A new report published today finds that those women in Myanmar that speak out face harsher censorship and backlash from more sources than men.
“While censorship is already widespread in Myanmar, it is often worse for women as they not only face state barriers, but also cultural and social ones too., Many of these barriers remain either hidden or regarded as so normal that few think about them,” said Ye Htun Naung, ARTICLE 19 Myanmar Programme Manager.
“We found that broadcasters overwhelmingly stereotype Myanmar women as either mothers or weak, vulnerable and vain. We found that the information women need on sexual and reproductive health is denied to them because of ‘culture’. We found that women’s voices are almost entirely absent from politics. We found that the so-called ‘protectors’ of women are often in fact perpetrators, and ‘protection’ is often actually the control of their voices,” Ye Htun Naung added.
“We have a difficult road ahead to end censorship, build a strong media, get access to information, ensure our voices are heard in government, and protect those who speak out against powerful people. But while doing so, we need to ensure that we understand that different people experience these problems in different ways,” concluded Ye Htun Naung.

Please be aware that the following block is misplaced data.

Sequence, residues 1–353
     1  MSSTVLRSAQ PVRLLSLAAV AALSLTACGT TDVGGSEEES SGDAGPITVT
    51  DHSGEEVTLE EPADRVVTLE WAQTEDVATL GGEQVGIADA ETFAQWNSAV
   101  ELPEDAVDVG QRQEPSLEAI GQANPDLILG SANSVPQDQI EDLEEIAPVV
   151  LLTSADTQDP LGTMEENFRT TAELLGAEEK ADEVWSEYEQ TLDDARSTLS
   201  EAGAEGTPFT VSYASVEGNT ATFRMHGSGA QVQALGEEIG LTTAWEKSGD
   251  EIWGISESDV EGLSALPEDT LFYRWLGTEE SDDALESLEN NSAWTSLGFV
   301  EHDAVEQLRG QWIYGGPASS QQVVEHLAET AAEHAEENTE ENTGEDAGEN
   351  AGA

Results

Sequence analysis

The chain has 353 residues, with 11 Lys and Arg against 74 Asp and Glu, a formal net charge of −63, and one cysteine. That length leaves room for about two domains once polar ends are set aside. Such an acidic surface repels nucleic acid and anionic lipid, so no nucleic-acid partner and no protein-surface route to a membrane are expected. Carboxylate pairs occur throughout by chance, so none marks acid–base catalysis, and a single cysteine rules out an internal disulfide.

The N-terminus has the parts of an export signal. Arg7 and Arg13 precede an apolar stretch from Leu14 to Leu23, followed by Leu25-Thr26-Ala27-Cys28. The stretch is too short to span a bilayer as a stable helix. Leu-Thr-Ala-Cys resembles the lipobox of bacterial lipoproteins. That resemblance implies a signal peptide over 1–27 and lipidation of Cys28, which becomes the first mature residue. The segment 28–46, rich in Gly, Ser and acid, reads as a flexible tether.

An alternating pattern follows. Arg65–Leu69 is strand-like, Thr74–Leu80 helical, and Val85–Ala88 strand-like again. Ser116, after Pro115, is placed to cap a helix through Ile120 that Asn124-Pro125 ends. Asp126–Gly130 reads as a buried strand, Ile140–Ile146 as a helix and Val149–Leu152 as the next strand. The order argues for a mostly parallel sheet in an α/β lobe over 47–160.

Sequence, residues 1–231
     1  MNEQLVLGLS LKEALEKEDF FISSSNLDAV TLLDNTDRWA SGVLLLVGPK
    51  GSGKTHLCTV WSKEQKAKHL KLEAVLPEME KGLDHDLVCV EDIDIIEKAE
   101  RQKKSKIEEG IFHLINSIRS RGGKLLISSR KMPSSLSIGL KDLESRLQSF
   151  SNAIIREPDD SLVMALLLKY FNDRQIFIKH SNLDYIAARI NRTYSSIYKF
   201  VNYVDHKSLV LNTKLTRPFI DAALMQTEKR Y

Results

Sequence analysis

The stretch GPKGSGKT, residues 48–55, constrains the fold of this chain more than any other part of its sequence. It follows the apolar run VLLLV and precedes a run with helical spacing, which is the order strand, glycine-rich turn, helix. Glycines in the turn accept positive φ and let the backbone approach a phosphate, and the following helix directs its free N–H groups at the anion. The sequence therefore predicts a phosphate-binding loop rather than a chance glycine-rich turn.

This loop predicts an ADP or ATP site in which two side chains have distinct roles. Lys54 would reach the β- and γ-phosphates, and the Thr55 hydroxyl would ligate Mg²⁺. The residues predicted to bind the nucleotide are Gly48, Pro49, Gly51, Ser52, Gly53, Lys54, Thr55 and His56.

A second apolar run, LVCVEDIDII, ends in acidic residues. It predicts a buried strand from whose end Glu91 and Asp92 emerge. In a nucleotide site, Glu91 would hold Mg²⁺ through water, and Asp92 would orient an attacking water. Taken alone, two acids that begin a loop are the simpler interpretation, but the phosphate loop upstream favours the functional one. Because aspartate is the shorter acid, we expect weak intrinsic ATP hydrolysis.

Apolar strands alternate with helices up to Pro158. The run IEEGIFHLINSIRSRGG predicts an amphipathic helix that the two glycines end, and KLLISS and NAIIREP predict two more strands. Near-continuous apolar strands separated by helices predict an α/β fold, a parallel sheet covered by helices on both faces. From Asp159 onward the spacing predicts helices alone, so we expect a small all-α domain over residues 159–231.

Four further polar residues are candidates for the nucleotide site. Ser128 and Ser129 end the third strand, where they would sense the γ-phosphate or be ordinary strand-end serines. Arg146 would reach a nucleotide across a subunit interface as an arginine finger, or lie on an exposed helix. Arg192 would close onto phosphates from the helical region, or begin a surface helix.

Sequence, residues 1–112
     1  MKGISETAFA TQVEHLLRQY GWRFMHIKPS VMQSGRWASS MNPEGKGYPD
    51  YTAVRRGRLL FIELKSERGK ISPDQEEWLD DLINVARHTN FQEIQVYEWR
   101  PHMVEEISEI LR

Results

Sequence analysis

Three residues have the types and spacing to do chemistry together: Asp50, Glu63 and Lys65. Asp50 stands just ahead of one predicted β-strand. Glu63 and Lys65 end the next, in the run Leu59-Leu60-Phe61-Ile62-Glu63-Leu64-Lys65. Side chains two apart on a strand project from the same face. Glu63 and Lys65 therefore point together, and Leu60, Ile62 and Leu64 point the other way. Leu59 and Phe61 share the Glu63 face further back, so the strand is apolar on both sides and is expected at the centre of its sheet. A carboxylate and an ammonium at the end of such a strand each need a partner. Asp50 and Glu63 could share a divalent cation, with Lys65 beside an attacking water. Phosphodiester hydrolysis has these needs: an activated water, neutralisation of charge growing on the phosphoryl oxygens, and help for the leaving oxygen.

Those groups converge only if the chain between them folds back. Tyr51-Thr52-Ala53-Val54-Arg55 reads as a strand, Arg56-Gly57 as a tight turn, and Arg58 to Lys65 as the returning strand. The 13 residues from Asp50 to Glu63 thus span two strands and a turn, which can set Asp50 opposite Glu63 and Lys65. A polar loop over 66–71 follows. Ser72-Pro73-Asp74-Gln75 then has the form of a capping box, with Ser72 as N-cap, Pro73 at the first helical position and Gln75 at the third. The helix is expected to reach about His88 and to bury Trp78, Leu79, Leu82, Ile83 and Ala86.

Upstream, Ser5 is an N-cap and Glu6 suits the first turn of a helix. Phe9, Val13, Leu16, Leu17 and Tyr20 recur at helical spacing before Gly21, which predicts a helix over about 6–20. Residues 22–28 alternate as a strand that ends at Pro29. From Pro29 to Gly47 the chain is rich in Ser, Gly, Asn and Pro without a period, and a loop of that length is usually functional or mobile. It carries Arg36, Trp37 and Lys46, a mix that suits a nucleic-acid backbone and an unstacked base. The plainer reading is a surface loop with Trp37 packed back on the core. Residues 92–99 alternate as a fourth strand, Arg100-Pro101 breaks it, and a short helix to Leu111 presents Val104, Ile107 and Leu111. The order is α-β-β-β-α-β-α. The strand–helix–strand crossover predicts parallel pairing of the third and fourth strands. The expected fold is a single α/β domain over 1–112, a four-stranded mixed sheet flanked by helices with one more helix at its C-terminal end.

Women experience restrictions, punishments and their effects differently to men in Myanmar. The report, ‘Censored gender’ finds that for men, these restrictions and punishments tend to come from the government, whereas for women they are reinforced and exacerbated by society in the form of gender-based discrimination and gender-based violence. As a result, women and other gender-minorities often experience restrictions and punishments more acutely than men.
‘Censored gender’ finds that gender-based stereotyping is rife across the Myanmar media, particularly in broadcasting. It shows that the government are failing to provide women with adequate gender-specific information, such as on sexual and reproductive health.
The report finds that women’s gender and sexual identity are used to exclude them from civic space and decision making, and those women that are included are often selectively chosen by the government.
Finally, ‘Censored gender’ identifies that women face different forms of violence and censorship, made more acute by cultural barriers. In addition, many remedies and protective measures that exist to protect women actually make the violence worse.
‘Censored gender’ is the result of six months research, including interviews, roundtables and legal studies by ARTICLE 19’s Myanmar office into how people’s experiences of censorship differs according to their gender.
In addition, some of them are already part of Myanmar’s little known National Strategic Plan for the Advancement of Women adopted by the government in 2013.